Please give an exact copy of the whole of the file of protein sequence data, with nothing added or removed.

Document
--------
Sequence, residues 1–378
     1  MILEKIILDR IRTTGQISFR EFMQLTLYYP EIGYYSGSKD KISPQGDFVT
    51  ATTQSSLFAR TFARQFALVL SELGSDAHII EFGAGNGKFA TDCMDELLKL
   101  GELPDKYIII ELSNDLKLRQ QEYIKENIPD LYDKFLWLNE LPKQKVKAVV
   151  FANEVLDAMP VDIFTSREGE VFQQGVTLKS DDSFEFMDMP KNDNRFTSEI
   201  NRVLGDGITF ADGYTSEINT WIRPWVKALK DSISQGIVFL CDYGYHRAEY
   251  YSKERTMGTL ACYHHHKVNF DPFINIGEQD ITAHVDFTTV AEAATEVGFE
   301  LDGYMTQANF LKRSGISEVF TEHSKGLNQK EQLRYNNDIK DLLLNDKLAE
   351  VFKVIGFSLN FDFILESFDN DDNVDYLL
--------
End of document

Sequence, residues 1–378
     1  MILEKIILDR IRTTGQISFR EFMQLTLYYP EIGYYSGSKD KISPQGDFVT
    51  ATTQSSLFAR TFARQFALVL SELGSDAHII EFGAGNGKFA TDCMDELLKL
   101  GELPDKYIII ELSNDLKLRQ QEYIKENIPD LYDKFLWLNE LPKQKVKAVV
   151  FANEVLDAMP VDIFTSREGE VFQQGVTLKS DDSFEFMDMP KNDNRFTSEI
   201  NRVLGDGITF ADGYTSEINT WIRPWVKALK DSISQGIVFL CDYGYHRAEY
   251  YSKERTMGTL ACYHHHKVNF DPFINIGEQD ITAHVDFTTV AEAATEVGFE
   301  LDGYMTQANF LKRSGISEVF TEHSKGLNQK EQLRYNNDIK DLLLNDKLAE
   351  VFKVIGFSLN FDFILESFDN DDNVDYLL